2. Farmer Field Schools: 43 schools involving 1,075 farmers.  Farmer Field Schools are literally outdoor classrooms and laboratories, where farmers can learn about and test new crops, organic methods of pest control, fertilizers and water conservation techniques. By actively being involved in learning, farmers are much more likely to implement these new techniques on their own farms: “I hear, I know. I see, I remember. I do, I understand.”

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In Farmer Field Schools, farmers lean by doing

3. Trees Planted: 784,095 – Trees provide income for families in the form of fruit and wood products. Trees also conserve soil and water, which raises crop yields while at the same time restoring the environment.

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4. Stoves Built: 130 – Each stove reduces wood use by 60%, reducing deforestation and smoke inhalation, dramatically improving the health of women and children involved in cooking.

5. Number of Group Members with Vegetable Gardens – 546. Vegetable gardens are incredibly important for improving the health and nutrition of children and their families. According to the latest stats released by the World Food Program, 38.8% of Tanzanians are malnourished. In children, this malnourishment causes irreversible loss of brain function and reduced ability to learn and other chronic health problems. It doesn’t have to be this way!

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Tanzania has plenty of land to grow food and farmers are anxious to work hard. Thanks to the support provided by Wings of Kilimanjaro, this child and thousands like him will have hope for a better future.

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Tree Planting in Oaxaca: The Difference Four Years Makes

I have the privilege of being in Oaxaca this week with our group from Solana Beach Presbyterian Church. We participated in a variety of activities this week and I’ll be putting up a few posts. First I want to show you a couple reforestation pictures.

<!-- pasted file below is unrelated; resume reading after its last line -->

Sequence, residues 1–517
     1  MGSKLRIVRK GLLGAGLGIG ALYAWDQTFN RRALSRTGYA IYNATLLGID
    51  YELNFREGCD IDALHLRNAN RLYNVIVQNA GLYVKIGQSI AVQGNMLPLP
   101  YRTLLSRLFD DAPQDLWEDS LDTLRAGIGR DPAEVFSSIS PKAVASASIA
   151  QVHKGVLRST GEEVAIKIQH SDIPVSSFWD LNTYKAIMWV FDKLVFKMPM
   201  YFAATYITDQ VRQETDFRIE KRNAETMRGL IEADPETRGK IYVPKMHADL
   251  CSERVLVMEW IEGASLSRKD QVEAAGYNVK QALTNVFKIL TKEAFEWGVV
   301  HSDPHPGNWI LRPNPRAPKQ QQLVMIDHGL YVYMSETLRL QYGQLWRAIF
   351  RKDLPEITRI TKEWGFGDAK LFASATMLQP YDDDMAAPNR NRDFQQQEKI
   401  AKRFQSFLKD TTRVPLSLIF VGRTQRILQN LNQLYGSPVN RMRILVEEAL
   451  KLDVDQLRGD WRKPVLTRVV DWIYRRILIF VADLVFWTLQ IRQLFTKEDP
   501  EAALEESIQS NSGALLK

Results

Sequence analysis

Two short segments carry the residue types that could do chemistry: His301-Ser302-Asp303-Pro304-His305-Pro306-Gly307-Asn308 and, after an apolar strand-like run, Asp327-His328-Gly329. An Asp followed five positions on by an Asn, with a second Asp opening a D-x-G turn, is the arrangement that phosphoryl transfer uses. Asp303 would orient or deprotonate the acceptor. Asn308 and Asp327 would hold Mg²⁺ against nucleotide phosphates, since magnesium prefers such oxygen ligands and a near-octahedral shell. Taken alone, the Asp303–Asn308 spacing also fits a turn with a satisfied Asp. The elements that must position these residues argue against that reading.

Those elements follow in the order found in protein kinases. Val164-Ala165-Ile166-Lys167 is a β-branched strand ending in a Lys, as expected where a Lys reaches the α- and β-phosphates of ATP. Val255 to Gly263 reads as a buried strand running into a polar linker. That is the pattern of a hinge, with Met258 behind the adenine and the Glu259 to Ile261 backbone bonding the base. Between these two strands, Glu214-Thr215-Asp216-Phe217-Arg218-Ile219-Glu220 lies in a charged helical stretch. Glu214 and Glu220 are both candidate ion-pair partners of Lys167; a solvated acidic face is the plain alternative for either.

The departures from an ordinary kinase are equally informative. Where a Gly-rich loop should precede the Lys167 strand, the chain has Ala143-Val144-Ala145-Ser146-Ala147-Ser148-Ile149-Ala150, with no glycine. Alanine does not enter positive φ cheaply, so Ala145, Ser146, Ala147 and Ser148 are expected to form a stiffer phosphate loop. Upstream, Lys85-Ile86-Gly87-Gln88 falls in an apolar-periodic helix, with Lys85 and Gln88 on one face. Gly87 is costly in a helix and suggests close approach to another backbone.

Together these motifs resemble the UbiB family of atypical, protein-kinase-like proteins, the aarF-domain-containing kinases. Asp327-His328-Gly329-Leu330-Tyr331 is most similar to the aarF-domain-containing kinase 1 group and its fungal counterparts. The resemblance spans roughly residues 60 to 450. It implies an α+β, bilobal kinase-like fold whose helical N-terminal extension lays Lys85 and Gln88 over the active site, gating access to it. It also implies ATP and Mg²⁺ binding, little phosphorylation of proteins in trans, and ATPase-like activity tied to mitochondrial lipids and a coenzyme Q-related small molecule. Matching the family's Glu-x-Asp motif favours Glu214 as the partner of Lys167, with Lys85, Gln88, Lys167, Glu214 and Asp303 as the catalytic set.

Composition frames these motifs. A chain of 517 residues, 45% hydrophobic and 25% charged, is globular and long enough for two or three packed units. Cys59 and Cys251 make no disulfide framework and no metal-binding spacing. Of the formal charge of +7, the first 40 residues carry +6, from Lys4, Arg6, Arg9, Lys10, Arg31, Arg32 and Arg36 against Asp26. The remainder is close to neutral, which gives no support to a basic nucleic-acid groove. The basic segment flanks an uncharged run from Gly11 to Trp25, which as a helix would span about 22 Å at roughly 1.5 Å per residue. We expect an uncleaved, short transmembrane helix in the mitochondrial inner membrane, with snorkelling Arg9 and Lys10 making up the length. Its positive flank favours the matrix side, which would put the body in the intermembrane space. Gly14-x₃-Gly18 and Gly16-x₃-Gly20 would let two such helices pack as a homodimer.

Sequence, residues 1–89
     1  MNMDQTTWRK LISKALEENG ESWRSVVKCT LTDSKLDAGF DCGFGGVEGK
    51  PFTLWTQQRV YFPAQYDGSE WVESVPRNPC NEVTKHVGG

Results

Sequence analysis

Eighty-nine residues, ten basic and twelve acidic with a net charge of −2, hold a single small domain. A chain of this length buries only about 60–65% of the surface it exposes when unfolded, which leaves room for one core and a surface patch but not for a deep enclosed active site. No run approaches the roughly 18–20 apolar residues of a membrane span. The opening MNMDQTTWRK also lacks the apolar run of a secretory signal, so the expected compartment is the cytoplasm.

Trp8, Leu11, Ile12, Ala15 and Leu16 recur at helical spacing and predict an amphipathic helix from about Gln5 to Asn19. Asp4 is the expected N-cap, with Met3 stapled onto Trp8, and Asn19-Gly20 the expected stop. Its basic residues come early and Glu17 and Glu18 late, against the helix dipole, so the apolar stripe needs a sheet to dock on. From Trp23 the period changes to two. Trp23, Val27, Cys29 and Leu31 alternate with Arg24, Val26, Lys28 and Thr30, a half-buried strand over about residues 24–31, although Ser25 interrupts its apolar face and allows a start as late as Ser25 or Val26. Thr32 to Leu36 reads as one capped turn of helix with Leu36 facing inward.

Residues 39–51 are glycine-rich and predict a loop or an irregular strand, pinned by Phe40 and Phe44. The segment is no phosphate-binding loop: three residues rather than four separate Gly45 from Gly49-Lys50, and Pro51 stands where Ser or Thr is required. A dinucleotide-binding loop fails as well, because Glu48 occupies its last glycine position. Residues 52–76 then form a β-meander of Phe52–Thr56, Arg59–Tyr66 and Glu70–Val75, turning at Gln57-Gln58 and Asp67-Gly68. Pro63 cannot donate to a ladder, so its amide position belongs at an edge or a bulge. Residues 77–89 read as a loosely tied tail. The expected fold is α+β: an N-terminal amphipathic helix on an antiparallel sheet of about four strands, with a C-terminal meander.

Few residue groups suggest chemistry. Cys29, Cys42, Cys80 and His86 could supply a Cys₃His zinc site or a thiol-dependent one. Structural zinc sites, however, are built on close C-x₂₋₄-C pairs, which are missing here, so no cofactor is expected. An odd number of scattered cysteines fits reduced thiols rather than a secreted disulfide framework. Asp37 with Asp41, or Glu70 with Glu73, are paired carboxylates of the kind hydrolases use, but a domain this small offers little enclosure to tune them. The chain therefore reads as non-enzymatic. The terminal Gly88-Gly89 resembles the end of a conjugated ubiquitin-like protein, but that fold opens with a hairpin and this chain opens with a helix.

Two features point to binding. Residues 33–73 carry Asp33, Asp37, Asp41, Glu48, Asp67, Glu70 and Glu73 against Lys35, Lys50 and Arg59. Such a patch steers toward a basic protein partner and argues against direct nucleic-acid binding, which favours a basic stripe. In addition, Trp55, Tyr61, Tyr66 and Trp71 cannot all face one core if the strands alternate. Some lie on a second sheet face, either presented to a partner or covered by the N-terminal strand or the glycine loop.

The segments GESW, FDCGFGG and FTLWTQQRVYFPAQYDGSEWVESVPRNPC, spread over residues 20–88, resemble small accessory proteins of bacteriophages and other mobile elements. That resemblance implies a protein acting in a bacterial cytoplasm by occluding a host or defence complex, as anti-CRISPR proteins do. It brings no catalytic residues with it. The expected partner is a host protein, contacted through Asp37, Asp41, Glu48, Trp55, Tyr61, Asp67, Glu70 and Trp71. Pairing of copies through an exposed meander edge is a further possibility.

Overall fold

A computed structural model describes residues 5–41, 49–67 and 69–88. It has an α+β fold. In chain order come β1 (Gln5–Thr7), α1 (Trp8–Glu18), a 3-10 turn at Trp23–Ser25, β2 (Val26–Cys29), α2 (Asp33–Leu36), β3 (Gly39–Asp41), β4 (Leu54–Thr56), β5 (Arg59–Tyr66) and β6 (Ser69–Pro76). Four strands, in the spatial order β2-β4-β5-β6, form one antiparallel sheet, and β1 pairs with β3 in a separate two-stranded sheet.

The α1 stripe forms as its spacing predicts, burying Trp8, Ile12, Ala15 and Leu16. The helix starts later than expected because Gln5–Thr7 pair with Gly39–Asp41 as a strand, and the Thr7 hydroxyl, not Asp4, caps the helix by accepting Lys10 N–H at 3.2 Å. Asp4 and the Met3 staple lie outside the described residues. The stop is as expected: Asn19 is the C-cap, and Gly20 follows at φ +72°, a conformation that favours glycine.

Oaxaca is the most deforested state in Mexico, and the Mixteca Alta region, where Plant With Purpose works, is the most deforested part of Oaxaca. The good news is that with the participation of the local community, things can really turn around. Take a look at these pictures of pine tree seedlings being planted and of those that were planted for years ago:

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Our intrepid visiting tree planting team about to get to work

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A Oaxacan Pine in it’s new home

After we were done planting these trees, one of the leaders of the local community of La Union, Don Nivel, wanted to show us a hillside that they planted four years ago. We were pretty amazed by what we saw:Image

A forest of 1,500 Four year old Oaxacan Pines: with Don Nivel and Eduardo, who leads Plant With Purpose’s reforestation work in Oaxaca.

Don Nivel led the effort to plant these 1,500 trees four years ago and was very proud to show them to us. As we walked through them we could see how the pine needles were building up on the ground. Bird nests in the trees were a sign that wildlife was returning. As we thought about the barren hillside where we had planted in the morning, this gave us a living example of what the future could look like in Oaxaca. The trees will also make a tremendous human impact as the control erosion which will increase crop yields and reduce water-borne illness by naturally filtering the water as it soaks into the ground.

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Don Nivel pointing out a bird nest